Brussels, 22 September 2021

The Federation of the European Sporting Goods Industry (FESI) welcomes the European Commission’s proposal to renew the Generalised Scheme of Preferences Regulation (GSP).  FESI firmly believes that the new GSP, including the GSP+ and EBA regimes, will further contribute to the sustainable development of the GSP beneficiary countries. So far, it has proven to help the latter becoming more competitive, reduce poverty, build their domestic industries, increase employment, and improve good governance.

FESI has followed with great interest the recent debate on the GSP Regulation, and we can only applaud the decision taken today by the Commission to renew the scheme for the next 10-year cycle”, commented Jérôme Pero, FESI Secretary-General. “The GSP is the crown jewel of the EU Trade Policy. GSP, GSP+ and EBA programmes are all still relevant and offer the right degrees of incentives towards sustainable development. It is now crucial to make sure that the proposed schemes are simple and predictable enough for companies”, he added.

Indeed, predictability is a key feature of the GSP regulation. Over the years, the GSP programmes have proven to be highly effective in encouraging European companies to invest in partner countries while bringing their social and environmental standards with them. The GSP programmes did not only drive economic growth, but also helped bringing sustainable business practices to developing countries. But to continue driving change, sporting goods companies need the GSP Regulation to be sufficiently predictable to let them plan their local leadership programmes and investments many years in advance.  

The inclusion of the Paris Agreement on Climate change is also a positive move. The sporting goods industry is deeply engaged in addressing its carbon footprint and has the ambition to become an industry leader in this field. For instance, many FESI members are among the signatories of the UN Fashion Industry Charter for Climate Action[1] and are committed to achieve net-zero emissions by 2050.

Moreover, it is important that the advantages granted under the GSP are not removed by a Free Trade Agreement (FTA). The latter should provide for either the equivalent or enhanced preferences for the countries concerned. If we take the example of Vietnam and the recent FTA with the EU that came into force last summer, companies are now in a least favourable situation as they must comply with the double transformation rule with very limited possibility of regional cumulation. Although to avoid this and uphold the initial purpose of the GSP we suggested foreseeing a cumulation among all GSP beneficiaries’ and FTA countries, we welcome the additional flexibility to the Rules of Origin for GSP beneficiaries’ countries that the Commission put forward in the new proposal.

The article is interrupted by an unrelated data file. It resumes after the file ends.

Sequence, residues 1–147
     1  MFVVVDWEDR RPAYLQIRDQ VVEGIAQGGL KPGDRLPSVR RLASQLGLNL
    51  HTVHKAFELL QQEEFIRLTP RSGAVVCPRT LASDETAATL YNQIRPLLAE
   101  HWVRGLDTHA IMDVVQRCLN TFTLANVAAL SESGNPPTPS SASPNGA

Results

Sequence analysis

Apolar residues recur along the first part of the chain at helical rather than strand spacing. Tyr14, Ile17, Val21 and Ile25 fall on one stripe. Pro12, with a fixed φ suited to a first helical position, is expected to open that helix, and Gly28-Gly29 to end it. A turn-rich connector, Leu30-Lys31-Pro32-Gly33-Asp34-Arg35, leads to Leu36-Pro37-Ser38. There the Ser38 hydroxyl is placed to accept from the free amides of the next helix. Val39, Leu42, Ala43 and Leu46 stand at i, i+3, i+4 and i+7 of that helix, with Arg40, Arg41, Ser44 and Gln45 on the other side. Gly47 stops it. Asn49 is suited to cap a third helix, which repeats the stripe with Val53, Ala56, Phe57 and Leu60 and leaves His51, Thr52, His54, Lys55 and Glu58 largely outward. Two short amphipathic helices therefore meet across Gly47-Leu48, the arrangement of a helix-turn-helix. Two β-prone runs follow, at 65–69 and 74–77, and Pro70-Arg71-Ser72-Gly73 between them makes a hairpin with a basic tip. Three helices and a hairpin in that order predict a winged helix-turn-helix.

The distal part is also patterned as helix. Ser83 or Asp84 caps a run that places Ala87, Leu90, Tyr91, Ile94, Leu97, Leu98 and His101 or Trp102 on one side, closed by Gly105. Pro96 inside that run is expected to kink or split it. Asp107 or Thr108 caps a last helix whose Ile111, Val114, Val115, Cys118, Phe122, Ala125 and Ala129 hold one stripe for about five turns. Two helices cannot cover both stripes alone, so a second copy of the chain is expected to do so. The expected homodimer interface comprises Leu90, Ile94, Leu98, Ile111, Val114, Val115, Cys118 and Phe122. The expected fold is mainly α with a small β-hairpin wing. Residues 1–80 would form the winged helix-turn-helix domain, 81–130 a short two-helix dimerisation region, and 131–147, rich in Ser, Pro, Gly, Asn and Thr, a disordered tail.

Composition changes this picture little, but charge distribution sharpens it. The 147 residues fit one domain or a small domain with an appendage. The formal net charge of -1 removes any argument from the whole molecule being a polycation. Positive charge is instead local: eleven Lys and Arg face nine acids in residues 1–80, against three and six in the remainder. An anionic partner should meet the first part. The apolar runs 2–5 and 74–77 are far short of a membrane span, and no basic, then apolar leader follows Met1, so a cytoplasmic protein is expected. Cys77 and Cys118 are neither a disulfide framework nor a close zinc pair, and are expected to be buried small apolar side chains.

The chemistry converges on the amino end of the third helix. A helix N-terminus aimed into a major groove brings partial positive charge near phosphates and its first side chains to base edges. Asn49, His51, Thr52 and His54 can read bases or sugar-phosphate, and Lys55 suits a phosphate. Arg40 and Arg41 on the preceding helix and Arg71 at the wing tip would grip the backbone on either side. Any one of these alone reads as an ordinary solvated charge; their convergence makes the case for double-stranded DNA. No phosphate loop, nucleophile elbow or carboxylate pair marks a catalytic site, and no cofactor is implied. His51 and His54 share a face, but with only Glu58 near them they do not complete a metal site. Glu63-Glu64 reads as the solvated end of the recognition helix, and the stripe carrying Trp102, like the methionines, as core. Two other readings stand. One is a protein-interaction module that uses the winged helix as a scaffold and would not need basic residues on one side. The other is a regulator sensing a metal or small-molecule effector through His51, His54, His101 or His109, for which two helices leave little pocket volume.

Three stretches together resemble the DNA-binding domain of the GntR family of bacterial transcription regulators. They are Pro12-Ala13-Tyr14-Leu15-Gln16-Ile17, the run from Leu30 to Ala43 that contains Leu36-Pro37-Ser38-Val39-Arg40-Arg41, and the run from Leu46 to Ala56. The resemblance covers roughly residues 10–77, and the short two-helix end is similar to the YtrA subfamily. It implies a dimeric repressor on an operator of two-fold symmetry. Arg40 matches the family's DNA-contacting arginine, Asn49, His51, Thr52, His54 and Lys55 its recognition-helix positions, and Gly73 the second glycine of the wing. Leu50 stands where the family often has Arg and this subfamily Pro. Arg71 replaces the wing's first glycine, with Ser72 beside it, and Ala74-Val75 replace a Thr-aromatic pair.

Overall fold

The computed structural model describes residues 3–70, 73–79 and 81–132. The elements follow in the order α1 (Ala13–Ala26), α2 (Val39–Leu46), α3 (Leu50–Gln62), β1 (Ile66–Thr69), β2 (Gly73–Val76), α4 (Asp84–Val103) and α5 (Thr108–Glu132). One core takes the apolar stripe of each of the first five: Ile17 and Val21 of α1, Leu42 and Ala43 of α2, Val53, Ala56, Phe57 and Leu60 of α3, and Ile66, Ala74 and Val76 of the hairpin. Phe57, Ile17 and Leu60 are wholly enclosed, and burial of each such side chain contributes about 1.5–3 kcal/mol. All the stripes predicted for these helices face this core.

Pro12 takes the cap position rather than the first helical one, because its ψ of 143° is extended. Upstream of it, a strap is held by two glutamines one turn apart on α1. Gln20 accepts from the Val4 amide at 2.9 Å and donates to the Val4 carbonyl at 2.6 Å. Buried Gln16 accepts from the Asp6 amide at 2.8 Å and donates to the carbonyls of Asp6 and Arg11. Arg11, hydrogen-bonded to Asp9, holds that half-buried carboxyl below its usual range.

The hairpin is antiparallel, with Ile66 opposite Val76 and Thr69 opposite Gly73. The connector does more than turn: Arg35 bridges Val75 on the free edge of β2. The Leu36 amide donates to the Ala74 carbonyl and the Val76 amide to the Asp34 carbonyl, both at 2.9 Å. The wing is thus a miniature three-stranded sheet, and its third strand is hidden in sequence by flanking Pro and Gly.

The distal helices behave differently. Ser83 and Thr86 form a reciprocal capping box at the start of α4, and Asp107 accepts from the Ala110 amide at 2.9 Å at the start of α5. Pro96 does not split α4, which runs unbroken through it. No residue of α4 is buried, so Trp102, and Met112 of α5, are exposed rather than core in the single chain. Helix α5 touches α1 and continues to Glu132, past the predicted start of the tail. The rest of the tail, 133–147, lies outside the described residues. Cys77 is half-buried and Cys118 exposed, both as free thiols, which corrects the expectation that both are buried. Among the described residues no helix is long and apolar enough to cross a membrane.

While FESI welcomes the new adjustments made today to the GSP, we believe that further improvements could be made to ensure a more fair, transparent, and manageable framework. In particular, we regret the that the classification of products deemed “sensitive” has not been clarified in the new proposal. In fact, the new Regulation continues to qualify footwear and apparel as sensitive, thus putting a discriminatory cap on the duty reduction of these products. The absence of a clear definition and criteria of what is considered “sensitive” and “not-sensitive” creates a lack of transparency. FESI now calls on the co-legislators for further clarification and recommends classifying footwear and apparel as “not-sensitive”. As an alternative, FESI would support the “Sunset clause” proposed in the external study supporting the impact assessment on the GSP Review[2]. A sunset clause for all excluded and sensitive products could be considered, together with an industry-driven mechanism to establish (or continue) a country product exclusion/sensitivity. This would also contribute to diversification in the beneficiary countries and systematically re-tailor the scheme to meet the needs of a rapidly evolving EU industrial structure.

The EU’s Generalised Scheme of Preferences (GSP) grants unilateral tariff preferences to developing countries as a means of supporting their economic and social development, as well as promoting human rights, employment standards, sustainable development, and good governance practices. Today’s proposal to renew the preferential tariff scheme between the EU and developing countries was very timely as the Regulation governing the scheme expires on 31 December 2023. The new proposal therefore allows for a renewal of the scheme for the period 2024 – 2033.




Contact: Ariane Gatti, FESI Communication Officer / [email protected] / +32 274 08 94